5) Only printing experience functionally connects visual and motor networks in the developing brain

         Vinci-Booher, S., Engelhardt, L., James, T.W., & James, K.H. (2014). Investigating the development of letter

         perception using gPPI connectivity analysis.  Presented at the Center of Excellence for Women in Technology

         Conference, Bloomington, Indiana.

From Neural Substrates of Sensorimotor Processes: Letter Writing and Letter Perception.  Journal of Neurophysiology, 115(1), 1-4. (PDF):


Only letters learned through printing experience, not typing, promote functional connections between a letter perception area in the left fusiform gyrus (L-FuG) with sensorimotor regions. Additionally, only letters learned through printing, not shapes learned through drawing, promote functional connections between the same letter perception area and premotor areas. On the other hand, the right hemisphere homologue, right fusiform gyrus (R-FuG), becomes more functionally connected with premotor areas for shapes learned through drawing, than letters learned through printing. Overall, sensorimotor and premotor areas show increased functional connectivity with left hemispheric letter perception areas for letters learned through printing. For more infomration, view  doctoral student Sophia Vinci-Booher's research poster.

This body of work has led to numerous conference presentations, publications, and media attention: (click here to view full media page):

A TIME magazine article, "Are There Really Benefits to Writing Things by Hand?" includes  Dr. James'  research results and observations.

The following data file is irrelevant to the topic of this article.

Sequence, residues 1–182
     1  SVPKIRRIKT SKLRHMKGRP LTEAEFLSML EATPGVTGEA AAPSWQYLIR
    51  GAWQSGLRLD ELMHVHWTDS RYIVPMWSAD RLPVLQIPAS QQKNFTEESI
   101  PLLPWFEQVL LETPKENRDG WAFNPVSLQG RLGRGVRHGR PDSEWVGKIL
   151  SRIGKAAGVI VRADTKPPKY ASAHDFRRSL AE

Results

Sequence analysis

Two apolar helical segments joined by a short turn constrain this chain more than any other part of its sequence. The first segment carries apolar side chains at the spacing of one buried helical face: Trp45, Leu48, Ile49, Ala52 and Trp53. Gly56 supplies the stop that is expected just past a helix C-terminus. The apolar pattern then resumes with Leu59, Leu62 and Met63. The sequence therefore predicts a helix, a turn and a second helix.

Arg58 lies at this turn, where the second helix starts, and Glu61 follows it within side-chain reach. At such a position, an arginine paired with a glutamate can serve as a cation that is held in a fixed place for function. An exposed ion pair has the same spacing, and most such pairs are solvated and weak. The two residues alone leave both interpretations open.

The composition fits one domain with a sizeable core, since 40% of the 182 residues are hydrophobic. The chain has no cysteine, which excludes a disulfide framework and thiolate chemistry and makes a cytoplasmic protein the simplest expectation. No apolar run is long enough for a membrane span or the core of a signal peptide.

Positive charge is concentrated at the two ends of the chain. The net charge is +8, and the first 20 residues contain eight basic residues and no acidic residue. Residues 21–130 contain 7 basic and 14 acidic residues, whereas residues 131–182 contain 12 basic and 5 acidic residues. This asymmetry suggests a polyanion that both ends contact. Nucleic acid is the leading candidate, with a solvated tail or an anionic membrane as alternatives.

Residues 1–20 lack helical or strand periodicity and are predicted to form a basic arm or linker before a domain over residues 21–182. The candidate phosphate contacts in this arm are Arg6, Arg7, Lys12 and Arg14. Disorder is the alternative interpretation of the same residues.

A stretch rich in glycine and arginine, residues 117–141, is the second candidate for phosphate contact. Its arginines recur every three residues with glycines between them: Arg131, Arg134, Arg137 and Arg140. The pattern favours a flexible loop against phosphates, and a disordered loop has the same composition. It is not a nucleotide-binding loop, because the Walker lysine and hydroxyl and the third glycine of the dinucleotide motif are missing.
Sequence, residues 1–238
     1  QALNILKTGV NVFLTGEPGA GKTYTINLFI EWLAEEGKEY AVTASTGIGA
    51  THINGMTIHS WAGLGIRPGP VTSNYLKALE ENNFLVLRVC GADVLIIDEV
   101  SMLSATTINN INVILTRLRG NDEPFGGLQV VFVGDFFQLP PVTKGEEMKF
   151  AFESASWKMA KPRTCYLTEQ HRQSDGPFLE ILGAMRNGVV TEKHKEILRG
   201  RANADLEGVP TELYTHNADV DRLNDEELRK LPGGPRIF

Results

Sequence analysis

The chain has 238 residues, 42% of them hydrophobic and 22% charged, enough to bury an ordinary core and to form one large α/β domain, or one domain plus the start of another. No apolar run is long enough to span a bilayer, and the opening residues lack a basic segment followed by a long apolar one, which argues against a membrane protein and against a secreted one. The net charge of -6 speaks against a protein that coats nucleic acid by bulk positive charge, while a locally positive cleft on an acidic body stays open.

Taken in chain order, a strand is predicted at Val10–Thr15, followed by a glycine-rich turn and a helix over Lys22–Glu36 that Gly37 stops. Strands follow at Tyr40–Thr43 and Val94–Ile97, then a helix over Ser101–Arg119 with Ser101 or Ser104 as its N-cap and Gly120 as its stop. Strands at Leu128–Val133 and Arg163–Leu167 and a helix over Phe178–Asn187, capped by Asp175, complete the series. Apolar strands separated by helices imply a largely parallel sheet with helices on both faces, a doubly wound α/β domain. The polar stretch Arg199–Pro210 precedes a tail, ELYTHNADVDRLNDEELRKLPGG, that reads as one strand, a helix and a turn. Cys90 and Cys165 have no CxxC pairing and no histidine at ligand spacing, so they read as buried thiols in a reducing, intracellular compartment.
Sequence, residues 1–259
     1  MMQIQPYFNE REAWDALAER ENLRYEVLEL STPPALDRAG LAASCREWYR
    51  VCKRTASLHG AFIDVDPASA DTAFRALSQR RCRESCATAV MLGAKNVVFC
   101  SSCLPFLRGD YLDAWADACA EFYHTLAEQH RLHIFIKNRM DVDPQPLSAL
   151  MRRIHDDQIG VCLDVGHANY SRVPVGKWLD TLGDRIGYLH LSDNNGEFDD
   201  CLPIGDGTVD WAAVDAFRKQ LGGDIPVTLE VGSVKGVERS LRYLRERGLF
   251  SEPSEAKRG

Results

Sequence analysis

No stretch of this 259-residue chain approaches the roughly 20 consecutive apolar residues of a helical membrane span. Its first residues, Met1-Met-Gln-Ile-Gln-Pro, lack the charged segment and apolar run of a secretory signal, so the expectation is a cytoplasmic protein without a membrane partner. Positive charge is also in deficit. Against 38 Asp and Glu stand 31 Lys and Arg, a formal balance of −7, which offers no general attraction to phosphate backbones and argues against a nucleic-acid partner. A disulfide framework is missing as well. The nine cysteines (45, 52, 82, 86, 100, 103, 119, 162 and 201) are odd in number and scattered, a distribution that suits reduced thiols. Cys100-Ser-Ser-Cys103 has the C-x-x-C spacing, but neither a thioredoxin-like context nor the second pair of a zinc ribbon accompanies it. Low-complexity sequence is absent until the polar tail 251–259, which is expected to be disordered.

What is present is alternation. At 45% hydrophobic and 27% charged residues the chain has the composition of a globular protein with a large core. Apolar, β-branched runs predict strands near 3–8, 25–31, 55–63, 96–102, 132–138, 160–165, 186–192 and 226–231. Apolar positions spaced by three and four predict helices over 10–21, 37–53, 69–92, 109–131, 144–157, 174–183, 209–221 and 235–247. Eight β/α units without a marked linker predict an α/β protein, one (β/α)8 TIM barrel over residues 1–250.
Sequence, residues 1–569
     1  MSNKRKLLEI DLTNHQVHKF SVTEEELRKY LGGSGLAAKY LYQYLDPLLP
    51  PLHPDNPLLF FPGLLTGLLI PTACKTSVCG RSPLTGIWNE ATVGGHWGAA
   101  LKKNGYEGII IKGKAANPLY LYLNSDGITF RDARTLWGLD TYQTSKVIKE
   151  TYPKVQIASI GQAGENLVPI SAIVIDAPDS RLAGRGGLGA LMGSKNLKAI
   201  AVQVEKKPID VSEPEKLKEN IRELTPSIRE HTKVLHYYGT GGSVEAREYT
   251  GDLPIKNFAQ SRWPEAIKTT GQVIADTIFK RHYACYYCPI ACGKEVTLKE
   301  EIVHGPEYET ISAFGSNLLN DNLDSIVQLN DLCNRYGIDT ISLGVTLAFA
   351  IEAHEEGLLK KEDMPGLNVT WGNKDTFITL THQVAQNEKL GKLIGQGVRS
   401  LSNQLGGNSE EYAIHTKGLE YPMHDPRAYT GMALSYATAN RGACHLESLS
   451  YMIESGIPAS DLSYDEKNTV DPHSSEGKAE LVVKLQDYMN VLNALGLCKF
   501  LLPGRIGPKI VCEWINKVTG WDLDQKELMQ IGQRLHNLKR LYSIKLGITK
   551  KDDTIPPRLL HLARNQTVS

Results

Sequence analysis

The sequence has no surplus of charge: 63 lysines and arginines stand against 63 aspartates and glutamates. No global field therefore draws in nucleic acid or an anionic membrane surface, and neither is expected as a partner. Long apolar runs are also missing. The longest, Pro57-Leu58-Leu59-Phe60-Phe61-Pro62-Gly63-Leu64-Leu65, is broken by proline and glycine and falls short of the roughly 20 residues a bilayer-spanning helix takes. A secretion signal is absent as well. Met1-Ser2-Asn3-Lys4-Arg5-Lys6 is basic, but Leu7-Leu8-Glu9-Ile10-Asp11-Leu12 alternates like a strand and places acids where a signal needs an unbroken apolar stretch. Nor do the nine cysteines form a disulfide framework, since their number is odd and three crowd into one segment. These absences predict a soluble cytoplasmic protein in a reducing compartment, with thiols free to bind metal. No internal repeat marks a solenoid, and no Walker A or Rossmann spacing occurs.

Dr. James' research on handwriting was featured in the September 21, 2014 edition of Parade Magazine.


How Does Handwriting Affect Brain Development? Dr. James explores this question on the September 19, 2014 edition of Sound Medicine, Public Radio's Weekly Magazine About Medicine and Health.


"Does handwriting matter?"  Dr.  James' work was part of the June 2, 2014 New York Times feature on the effects of the diminished emphasis on teaching handwriting skills to school children.


This handwriting research is highlighted in the IU Newsroom Fall, 2014 back-to-school-issue.


During the 2012 Handwriting in the 21st Century Educational Summit in Washington, DC, Dr. James  presented some of her findings from this research.   Watch her presentation.


On January 23, 2012, while at the Summit, Dr. James discussed the importance of handwriting in child development on the Fox News network affiliate in Washington DC. Watch the interview.


Dr. James was interviewed for a feature in STATEIMPACT INDIANA entitled "Why Schools Should Keep Teaching Handwriting, Even If Typing Is More Useful."  (September 29, 2011)


Read the June 15, 2011 Chicago Tribune article, "The many health perks of good handwriting: Not only does it help the brain develop, it can also improve grades and confidence" which features Dr. Karin James.


This body of research was used to illustrate the benefits of handwriting in the Ocotober 5, 2010 Wall Street Journal article "Handwriting Trains the Brain."  (October, 2010)


Cognition & Action Neuroimaging Lab | 1101 E. 10th Street, Bloomington, IN 47405 | (812)856-7237 | canlab1@indiana.edu